Torn between her two protectors – a captain and a prince – and battling a dark force far greater than the king, Celaena must decide what she will fight for: her liberty, her heart or the fate of a kingdom…

My thoughts:

This book slayed me. It was just such a rollercoaster of emotions and when it finished I had such a book hangover. It was fantastic and such a good continuation of the first book.

We get to learn so much more about all the characters here, things that start telling us just how they ended up being the persons they are now. And it is mostly heartbreaking. I know that Celaena is a badass assassin but I just want to cover her in blankets, cuddle her and hide her away from all the evil in her world. I loved how we got to see so much more about her character and see how she changed, not always for the better, but into something that could fight the evil king.

Chaol and Dorian have me tugging at my hair in exasperation. Men really are dense aren’t they? That doesn’t mean that they don’t have their hearts in the right place, but goddammit boys, stop being so stupid! Dorian is my baby. He fights and fights, and despite being broken so many times he still fights for what he thinks he is right and manages to maintain his image of the fancy prince. Chaol is the soldier with a heart of gold, and through it all, he never stops caring for his prince, his men or Celaena. Gotta love a man like that.

The plot is just fantastic. It has such a nice flow to it and the pace never feels rushed or too slow. Sure, it has moments where it slows down, but trust me, you need those moments to catch your breath. Maas’s writing is amazing and draws you right in. The plot is interesting with twists and turns that make it even more interesting. I literally closed this book and immediately reached for the next.

Do I recommend it? 

Hell yes!

ARC Review: The Bachelor Girl’s Guide To Murder by Rachel McMillan


Original Title: The Bachelor Girl’s Guide to Murder

Year Published: 2016

Published by:  Harvest House (an arc was kindly provided via NetGalley in exchange for an honest review)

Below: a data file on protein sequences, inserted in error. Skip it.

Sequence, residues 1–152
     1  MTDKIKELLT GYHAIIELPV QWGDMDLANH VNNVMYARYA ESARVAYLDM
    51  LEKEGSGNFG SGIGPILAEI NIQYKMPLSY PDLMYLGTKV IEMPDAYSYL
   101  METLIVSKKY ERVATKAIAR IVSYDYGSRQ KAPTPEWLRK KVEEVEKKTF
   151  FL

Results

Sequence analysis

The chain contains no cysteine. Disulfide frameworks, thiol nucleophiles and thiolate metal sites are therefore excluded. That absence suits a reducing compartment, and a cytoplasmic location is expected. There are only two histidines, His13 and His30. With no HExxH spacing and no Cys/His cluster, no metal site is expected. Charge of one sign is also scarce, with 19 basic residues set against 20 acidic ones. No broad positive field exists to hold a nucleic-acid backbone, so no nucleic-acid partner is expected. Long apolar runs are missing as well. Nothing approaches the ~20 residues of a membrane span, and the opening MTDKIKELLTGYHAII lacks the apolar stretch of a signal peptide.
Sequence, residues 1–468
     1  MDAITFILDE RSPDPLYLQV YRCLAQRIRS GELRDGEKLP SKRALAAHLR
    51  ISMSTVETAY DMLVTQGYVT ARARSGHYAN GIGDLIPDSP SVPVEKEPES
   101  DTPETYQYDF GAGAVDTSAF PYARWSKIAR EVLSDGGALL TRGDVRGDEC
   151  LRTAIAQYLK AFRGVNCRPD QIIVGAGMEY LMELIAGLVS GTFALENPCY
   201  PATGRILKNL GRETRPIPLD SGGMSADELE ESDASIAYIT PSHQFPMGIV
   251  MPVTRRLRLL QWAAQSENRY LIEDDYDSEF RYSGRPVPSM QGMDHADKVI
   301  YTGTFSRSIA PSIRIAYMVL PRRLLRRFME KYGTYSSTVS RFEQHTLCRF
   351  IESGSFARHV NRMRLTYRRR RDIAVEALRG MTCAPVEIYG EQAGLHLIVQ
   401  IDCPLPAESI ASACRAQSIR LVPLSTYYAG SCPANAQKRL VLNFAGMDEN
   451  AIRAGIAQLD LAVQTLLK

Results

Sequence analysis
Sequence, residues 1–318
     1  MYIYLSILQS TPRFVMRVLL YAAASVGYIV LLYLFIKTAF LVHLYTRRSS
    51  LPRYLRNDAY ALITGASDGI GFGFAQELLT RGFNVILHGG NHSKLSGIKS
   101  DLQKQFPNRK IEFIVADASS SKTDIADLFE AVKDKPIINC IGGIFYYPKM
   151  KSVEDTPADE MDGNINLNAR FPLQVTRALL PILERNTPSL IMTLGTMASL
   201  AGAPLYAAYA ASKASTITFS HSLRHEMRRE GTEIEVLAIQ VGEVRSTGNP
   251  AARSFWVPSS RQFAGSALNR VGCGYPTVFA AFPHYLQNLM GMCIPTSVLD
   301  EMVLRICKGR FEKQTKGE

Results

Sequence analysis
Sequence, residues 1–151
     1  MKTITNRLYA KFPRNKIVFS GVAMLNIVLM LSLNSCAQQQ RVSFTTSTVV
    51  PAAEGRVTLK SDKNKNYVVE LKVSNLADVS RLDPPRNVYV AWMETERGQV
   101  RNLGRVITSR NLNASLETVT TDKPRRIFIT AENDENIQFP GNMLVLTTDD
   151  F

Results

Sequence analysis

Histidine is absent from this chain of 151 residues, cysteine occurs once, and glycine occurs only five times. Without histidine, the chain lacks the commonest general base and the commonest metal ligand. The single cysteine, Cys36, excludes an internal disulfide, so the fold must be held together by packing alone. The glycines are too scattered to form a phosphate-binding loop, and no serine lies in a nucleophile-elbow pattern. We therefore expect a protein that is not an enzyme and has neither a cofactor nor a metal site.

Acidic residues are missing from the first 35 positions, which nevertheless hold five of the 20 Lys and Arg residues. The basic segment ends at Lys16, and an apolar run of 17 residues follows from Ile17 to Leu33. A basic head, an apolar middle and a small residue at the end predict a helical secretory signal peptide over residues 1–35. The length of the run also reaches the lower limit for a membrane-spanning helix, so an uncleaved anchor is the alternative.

Number of Pages: 289

First Sentence: Jemma, Your father and I have decided that, after giving you several appointments to prove you are pursuing proper a proper course for a lady of your station and background, we can no longer financially support your endeavours.

Goodreads Rating: 4/5


In 1910 Toronto, while other bachelor girls perfect their domestic skills and find husbands, two friends perfect their sleuthing skills and find a murderer.

Inspired by their fascination with all things Sherlock Holmes, best friends and flatmates Merinda and Jem launch a consulting detective business. The deaths of young Irish women lead Merinda and Jem deeper into the mire of the city’s underbelly, where the high hopes of those dreaming to make a new life in Canada are met with prejudice and squalor.

While searching for answers, donning disguises, and sneaking around where no proper ladies would ever go, they pair with Jasper Forth, a police constable, and Ray DeLuca, a reporter in whom Jem takes a more than professional interest. Merinda could well be Toronto’s premiere consulting detective, and Jem may just find a way to put her bachelor girlhood behind her forever–if they can stay alive long enough to do so.

My thoughts:

I really enjoyed this book. It was a fun story obviously inspired by the stories of Sherlock Holmes (who is mentioned in this book as well) but instead of starring two gentlemen it stars to ladies.

I was happily surprised when I realized this book was set in Canada. I was expecting either London or somewhere in the US as that’s where books are usually set (or so it seems). Anytime a book is set somewhere else I get a little giddy. It was wonderful to read a historical book set in Toronto and having the author explore some of the issues that were plaguing even Canada in the early 1900’s. We have women being treated as very inferior, immigrants being very badly treated and severe differences between the classes (ok, this could have been set this year).

Merinda and Jemima were absolutely wonderful characters. Just like Holmes and Watson, they balance each other perfectly. One is the wild one with a brilliant mind and the other more grounded but still very clever. Just like the Sherlock books, this is written from Jemima (or Watson’s) p.o.v, with small sections being written from other characters point of view. There is some romance in this book as well, but it never overshadows the plot or implies that the girls need a man to be successful. Well done, McMillan, well done.

The plot was really well written and I for one could not correctly guess the murderer until the big reveal in the book.There were several twists and turns that were so interesting and kept the mysterious air of the plot.

Do I recommend it? 

Yes, I really do.